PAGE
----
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Heat ray ‘was sought’ against protest in Washington’s Lafayette Square


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Heat ray ‘was sought’ against protest in Washington’s Lafayette Square

  • 17 September 2020

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A Marine Corps vehicle with the Active Denial System on top
Image captionThe Active Denial System (ADS) uses a microwave beam to make targets feel like their skin is burning

Officers requested a “heat ray” weapon for possible use against protesters in a park next to the White House in June, a National Guard major has said.

Military police allegedly asked the National Guard for the Active Denial System (ADS), which makes targets feel their skin is on fire.

It happened before Lafayette Square was cleared of people protesting against the killing of black man George Floyd.

The National Guard did not possess the heat ray and it was not used.

Law enforcement officers are instead believed to have used tear gas, rubber bullets and smoke grenades to clear the park on 1 June.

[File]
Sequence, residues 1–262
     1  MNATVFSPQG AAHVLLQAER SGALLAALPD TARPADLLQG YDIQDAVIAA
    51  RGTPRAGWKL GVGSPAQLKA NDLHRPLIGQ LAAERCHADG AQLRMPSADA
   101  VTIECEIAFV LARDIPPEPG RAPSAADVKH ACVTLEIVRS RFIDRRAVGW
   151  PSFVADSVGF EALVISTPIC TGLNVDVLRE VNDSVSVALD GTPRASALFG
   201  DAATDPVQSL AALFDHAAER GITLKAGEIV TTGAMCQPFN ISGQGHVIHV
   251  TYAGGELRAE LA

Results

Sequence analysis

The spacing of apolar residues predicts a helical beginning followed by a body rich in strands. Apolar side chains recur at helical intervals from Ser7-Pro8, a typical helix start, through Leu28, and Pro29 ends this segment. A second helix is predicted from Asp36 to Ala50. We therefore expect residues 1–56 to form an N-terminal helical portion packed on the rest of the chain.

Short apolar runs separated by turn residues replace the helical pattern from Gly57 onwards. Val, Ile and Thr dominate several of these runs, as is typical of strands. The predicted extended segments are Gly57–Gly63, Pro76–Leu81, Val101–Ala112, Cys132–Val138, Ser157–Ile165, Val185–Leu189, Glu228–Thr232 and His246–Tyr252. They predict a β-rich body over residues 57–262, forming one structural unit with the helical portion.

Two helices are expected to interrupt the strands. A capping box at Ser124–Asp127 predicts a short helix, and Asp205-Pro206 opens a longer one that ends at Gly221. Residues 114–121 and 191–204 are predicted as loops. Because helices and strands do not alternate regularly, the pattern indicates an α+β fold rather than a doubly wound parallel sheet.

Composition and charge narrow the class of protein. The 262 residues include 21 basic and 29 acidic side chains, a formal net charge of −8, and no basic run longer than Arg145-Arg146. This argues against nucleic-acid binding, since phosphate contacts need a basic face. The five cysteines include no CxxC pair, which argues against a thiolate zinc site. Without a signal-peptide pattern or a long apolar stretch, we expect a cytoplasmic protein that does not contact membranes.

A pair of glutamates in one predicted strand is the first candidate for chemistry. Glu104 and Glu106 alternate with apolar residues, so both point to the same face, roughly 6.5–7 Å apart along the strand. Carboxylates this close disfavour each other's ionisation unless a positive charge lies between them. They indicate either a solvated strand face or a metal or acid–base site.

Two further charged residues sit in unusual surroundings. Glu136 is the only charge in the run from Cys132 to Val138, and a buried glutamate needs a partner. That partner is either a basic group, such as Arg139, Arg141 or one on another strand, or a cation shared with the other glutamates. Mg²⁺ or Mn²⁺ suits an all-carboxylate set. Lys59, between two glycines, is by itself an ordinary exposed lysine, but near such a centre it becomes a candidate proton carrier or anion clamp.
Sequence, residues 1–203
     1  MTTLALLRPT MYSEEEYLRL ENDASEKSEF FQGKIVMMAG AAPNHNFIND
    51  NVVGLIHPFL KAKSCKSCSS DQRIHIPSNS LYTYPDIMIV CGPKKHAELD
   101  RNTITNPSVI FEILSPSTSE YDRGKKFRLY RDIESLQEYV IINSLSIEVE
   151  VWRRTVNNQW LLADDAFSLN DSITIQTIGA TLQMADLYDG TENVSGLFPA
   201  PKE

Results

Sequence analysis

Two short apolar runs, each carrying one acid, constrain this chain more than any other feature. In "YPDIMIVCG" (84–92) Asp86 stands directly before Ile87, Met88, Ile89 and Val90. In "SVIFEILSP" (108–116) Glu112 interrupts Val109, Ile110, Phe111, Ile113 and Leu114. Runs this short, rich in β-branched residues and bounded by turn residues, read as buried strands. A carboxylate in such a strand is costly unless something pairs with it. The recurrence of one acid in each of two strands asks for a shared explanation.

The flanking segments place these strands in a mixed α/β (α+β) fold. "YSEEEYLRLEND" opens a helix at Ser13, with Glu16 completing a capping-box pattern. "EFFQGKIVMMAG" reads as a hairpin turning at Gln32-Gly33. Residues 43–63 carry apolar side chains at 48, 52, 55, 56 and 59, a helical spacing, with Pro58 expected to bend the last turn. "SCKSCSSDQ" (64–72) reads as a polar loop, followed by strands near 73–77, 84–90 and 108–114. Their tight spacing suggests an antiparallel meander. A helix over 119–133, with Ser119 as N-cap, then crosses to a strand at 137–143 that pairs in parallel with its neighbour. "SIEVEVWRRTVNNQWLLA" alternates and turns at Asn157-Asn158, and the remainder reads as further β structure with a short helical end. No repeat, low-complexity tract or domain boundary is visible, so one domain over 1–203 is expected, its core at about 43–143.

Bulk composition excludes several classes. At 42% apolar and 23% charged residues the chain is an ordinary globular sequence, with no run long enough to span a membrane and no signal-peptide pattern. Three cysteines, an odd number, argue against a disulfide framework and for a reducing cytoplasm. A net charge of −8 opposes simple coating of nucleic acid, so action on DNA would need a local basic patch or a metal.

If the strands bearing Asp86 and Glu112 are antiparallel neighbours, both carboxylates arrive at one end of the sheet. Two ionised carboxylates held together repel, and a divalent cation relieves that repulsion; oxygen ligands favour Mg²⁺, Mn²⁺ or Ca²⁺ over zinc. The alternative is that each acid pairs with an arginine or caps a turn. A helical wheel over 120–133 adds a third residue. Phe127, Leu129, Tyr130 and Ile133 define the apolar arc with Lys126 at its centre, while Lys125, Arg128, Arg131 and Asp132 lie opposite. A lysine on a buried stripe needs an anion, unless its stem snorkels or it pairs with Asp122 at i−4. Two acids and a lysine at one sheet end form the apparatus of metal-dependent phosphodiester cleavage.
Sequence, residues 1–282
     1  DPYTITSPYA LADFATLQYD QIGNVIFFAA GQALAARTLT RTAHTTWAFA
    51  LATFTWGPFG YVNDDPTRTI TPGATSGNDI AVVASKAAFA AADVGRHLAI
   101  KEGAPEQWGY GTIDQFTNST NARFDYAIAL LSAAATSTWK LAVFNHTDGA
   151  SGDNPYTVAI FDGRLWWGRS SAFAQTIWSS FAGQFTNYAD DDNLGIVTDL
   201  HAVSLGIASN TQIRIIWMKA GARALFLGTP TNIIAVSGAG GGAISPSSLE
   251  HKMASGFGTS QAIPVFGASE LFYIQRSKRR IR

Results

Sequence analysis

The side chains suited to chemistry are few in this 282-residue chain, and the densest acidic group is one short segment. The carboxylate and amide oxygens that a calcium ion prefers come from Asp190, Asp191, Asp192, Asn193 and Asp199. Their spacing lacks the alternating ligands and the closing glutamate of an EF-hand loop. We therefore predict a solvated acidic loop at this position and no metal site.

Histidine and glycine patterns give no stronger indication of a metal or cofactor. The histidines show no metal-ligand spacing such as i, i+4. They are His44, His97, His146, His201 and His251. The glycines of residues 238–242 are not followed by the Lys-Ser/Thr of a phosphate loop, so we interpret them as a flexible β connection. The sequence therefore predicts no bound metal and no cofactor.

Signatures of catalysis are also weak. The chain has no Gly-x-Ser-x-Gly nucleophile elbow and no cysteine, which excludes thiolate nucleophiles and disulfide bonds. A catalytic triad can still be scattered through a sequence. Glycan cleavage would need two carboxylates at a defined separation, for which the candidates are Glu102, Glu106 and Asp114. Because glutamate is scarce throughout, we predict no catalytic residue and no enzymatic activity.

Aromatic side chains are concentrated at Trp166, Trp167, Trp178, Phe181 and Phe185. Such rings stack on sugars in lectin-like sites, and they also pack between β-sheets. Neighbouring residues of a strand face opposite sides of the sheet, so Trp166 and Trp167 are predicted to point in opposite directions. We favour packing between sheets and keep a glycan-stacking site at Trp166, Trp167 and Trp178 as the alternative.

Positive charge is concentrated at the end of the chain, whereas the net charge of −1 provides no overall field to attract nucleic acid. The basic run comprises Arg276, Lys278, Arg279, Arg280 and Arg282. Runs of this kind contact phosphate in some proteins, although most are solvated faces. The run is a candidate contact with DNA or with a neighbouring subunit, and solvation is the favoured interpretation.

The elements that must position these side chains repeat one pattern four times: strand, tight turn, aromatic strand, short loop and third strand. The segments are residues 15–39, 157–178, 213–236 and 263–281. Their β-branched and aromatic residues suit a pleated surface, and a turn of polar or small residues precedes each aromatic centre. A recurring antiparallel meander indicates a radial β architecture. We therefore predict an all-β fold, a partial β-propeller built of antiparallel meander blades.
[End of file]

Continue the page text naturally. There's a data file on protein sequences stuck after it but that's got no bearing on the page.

At the time authorities said it was to tackle violent protesters who had thrown rocks at police and started fires. Reporters at the scene however said the demonstration had been peaceful.

Park Police have denied using tear gas, saying that they instead fired “pepper balls” – projectiles with capsaicin, the chemical that gives peppers heat – at protesters.

Shortly after officers cleared the park, US President Donald Trump walked across the street from the White House for a photo opportunity outside a church.

The clearance of the protesters to make way for Mr Trump drew heavy criticism from both Democrats and Republicans, and Washington DC Mayor Muriel Bowser called it “shameful”.

What did the major say?

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